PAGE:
UK national telecoms regulator Ofcom has received £700,000 ($912,000) to explore blockchain solutions in UK landline telephone management. The grant was issued by the Department of Business, Energy, and Industrial Strategy. An Ofcom announcement states that between now and April 2020, industry participants will be…
UK national telecoms regulator Ofcom has received £700,000 ($912,000) to explore blockchain solutions in UK landline telephone management. The grant was issued by the Department of Business, Energy, and Industrial Strategy.
An Ofcom announcement states that between now and April 2020, industry participants will be invited “to trial the porting and management of millions of telephone numbers using blockchain and ledger technology” in an initiative involving industry and university providers as well as third-party providers.
Blockchain technology will allow trusted transactions (AKA ‘consumer porting’ in this case) to “manage the lifecycle of a telephone number transforming data to support voice call routing and ownership.” The blockchain will treat telephone numbers as digital assets to improve landline telephone number management.
Ofcom CEO Mansoor Hanif had this to say about the new project:
“We will be working with industry to explore how blockchain could make it quicker and easier for landline customers to switch providers while keeping their number – as well as reducing nuisance calls. And we’ll expand our research into other areas where innovative technologies such as blockchain could be applied to benefit consumers.”
There are 1 billion landline telephone numbers available in the UK, including those in use and those reserved for future potential use. Groups of phone numbers will be issued in blocks on the blockchain to telecoms operators who will then port them (transfer them from one phone and/or consumer to another).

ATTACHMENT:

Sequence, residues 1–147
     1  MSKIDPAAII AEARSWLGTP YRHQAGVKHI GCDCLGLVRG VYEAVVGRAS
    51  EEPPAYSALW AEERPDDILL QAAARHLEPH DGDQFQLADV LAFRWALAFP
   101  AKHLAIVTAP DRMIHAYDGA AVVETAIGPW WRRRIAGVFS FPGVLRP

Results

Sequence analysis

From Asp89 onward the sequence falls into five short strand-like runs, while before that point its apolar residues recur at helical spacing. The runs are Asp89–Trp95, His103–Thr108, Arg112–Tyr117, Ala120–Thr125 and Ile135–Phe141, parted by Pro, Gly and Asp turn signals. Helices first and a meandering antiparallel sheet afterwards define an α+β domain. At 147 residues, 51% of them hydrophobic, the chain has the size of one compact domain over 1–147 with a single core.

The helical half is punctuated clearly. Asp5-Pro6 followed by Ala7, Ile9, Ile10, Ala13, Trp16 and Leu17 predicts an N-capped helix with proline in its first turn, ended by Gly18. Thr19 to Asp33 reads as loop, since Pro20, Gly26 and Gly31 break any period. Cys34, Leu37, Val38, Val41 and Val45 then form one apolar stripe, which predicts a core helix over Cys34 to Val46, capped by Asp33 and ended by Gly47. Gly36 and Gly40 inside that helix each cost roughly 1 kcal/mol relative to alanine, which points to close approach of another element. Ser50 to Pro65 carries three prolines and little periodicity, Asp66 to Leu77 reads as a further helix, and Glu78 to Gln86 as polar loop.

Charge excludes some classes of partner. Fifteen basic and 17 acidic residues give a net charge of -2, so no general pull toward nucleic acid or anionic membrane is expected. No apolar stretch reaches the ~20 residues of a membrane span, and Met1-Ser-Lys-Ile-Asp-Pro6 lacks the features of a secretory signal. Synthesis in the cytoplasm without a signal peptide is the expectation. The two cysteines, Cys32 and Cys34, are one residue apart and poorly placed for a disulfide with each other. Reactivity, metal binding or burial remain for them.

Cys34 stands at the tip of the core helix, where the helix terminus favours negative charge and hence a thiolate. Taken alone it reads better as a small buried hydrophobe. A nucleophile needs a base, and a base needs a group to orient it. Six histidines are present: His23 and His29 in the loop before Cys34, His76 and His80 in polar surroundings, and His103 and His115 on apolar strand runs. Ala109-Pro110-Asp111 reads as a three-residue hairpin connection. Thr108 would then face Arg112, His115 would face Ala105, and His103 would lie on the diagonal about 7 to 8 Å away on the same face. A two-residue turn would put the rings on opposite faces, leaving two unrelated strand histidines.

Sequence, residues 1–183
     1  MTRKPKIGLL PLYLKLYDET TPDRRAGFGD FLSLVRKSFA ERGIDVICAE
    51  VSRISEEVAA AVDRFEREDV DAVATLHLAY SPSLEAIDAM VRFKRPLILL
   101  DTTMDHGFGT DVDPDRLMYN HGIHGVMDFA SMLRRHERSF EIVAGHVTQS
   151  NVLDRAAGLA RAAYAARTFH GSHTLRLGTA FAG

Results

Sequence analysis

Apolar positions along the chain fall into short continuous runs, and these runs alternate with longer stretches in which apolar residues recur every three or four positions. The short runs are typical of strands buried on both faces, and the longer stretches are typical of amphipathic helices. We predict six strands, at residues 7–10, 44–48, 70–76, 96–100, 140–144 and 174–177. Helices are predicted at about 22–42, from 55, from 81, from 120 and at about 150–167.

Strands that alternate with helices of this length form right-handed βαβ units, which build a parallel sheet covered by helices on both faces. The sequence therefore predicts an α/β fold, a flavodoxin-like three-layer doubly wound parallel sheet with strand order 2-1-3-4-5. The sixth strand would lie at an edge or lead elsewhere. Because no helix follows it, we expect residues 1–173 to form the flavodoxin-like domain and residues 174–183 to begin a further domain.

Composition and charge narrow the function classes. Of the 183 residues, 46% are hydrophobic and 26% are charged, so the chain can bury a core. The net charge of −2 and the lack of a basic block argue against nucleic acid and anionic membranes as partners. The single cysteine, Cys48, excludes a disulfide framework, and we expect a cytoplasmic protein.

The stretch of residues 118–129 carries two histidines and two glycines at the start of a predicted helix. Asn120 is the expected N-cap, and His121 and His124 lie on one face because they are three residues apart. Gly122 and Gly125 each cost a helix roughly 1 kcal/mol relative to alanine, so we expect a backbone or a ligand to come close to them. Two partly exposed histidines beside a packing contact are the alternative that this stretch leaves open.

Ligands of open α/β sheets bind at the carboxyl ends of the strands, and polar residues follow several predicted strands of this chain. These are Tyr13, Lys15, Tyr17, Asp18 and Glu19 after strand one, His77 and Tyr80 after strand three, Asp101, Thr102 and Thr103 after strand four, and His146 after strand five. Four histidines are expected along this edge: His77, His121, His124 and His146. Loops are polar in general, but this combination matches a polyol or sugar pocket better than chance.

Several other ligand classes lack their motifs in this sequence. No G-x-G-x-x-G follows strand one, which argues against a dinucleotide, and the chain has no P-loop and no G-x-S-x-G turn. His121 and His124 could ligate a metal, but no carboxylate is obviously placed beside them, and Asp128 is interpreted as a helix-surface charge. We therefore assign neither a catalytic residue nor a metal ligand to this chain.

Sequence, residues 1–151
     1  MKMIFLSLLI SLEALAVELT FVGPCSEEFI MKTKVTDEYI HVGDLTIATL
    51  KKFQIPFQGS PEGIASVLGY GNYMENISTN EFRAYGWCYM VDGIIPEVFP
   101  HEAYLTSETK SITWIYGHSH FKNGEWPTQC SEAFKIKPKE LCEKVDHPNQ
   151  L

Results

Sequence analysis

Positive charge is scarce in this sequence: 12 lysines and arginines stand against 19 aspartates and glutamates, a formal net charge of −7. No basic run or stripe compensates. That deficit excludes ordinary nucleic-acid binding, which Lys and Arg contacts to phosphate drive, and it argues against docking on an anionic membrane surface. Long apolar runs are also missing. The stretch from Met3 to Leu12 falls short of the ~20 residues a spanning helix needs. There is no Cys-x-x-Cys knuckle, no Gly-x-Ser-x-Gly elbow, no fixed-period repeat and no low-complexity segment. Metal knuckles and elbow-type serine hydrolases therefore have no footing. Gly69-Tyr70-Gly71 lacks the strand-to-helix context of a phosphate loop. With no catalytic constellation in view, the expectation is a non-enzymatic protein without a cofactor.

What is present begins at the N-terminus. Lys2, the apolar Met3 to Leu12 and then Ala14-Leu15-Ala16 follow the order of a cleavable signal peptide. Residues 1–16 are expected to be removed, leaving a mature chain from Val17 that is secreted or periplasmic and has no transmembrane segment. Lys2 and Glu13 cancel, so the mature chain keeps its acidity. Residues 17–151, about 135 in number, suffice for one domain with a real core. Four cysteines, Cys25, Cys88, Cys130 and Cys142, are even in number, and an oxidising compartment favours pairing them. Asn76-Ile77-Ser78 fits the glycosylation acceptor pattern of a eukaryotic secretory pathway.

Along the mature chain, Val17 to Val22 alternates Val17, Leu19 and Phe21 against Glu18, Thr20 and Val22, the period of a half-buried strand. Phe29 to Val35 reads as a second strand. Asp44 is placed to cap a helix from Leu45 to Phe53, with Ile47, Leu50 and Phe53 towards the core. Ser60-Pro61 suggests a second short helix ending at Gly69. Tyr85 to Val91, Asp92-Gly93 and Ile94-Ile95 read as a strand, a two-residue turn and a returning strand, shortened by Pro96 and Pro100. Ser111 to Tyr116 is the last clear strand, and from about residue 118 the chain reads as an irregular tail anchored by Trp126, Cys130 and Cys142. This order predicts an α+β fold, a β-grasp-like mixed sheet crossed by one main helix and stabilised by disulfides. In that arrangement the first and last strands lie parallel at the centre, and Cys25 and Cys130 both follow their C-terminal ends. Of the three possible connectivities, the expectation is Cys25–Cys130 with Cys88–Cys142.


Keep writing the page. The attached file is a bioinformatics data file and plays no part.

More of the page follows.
Blockchain is anticipated to lower the cost of regulation and business overheads, increase industry agility, improve customer experience when switching telecoms providers, and making telephone fraud management and prevention more effective.
The regulator will be building a database of phone numbers for which previous attempts have failed due to the cost and difficulty of getting multiple competing parties to collaborate. The number database placed on the blockchain will allow for transparency between users and telecoms providers.
The telecommunications industry is actually one of the larger markets which may see major disruption from blockchain innovation in the coming years. Mobile network operators (MNOs) suffer from major inefficiencies in billing, payment, and subscription systems which could be completely overhauled and streamlined with blockchain technology. UK-based projects like Diadem are launching a new type of mobile network using smart contracts to tackle these inefficiencies and revamp the industry, whereas existing MNOs like Korea’s KT Corp are integrating blockchain into their existing systems.
A report from MNO trade body GSMA indicates that MNOs will invest $0.5 trillion in mobile capital expenditure between 2018 and 2020, priming the telecoms industry for wide-scale blockchain adoption if early efforts are successful.
Featured image from Shutterstock.
Last modified: January 24, 2020 10:59 PM UTC